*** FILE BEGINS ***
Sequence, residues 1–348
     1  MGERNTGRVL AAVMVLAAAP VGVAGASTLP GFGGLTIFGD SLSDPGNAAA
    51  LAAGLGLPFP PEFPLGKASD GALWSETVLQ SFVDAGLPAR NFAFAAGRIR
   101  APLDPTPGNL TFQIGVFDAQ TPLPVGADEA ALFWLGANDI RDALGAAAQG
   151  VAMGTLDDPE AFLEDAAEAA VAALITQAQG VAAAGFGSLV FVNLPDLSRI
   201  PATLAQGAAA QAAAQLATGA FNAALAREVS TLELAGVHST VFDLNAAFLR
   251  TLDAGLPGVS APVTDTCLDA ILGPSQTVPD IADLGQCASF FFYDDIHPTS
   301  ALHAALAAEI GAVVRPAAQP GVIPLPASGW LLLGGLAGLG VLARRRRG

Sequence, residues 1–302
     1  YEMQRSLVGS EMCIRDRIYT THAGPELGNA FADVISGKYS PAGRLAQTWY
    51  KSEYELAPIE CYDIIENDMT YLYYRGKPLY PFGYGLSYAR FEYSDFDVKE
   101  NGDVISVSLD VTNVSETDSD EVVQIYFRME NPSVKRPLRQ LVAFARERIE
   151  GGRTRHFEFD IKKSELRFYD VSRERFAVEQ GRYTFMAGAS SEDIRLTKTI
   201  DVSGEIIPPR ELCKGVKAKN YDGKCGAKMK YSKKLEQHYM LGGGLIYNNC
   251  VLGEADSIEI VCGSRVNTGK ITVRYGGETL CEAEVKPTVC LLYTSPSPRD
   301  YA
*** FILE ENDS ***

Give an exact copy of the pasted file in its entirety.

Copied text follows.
Sequence, residues 1–348
     1  MGERNTGRVL AAVMVLAAAP VGVAGASTLP GFGGLTIFGD SLSDPGNAAA
    51  LAAGLGLPFP PEFPLGKASD GALWSETVLQ SFVDAGLPAR NFAFAAGRIR
   101  APLDPTPGNL TFQIGVFDAQ TPLPVGADEA ALFWLGANDI RDALGAAAQG
   151  VAMGTLDDPE AFLEDAAEAA VAALITQAQG VAAAGFGSLV FVNLPDLSRI
   201  PATLAQGAAA QAAAQLATGA FNAALAREVS TLELAGVHST VFDLNAAFLR
   251  TLDAGLPGVS APVTDTCLDA ILGPSQTVPD IADLGQCASF FFYDDIHPTS
   301  ALHAALAAEI GAVVRPAAQP GVIPLPASGW LLLGGLAGLG VLARRRRG

Sequence, residues 1–302
     1  YEMQRSLVGS EMCIRDRIYT THAGPELGNA FADVISGKYS PAGRLAQTWY
    51  KSEYELAPIE CYDIIENDMT YLYYRGKPLY PFGYGLSYAR FEYSDFDVKE
   101  NGDVISVSLD VTNVSETDSD EVVQIYFRME NPSVKRPLRQ LVAFARERIE
   151  GGRTRHFEFD IKKSELRFYD VSRERFAVEQ GRYTFMAGAS SEDIRLTKTI
   201  DVSGEIIPPR ELCKGVKAKN YDGKCGAKMK YSKKLEQHYM LGGGLIYNNC
   251  VLGEADSIEI VCGSRVNTGK ITVRYGGETL CEAEVKPTVC LLYTSPSPRD
   301  YA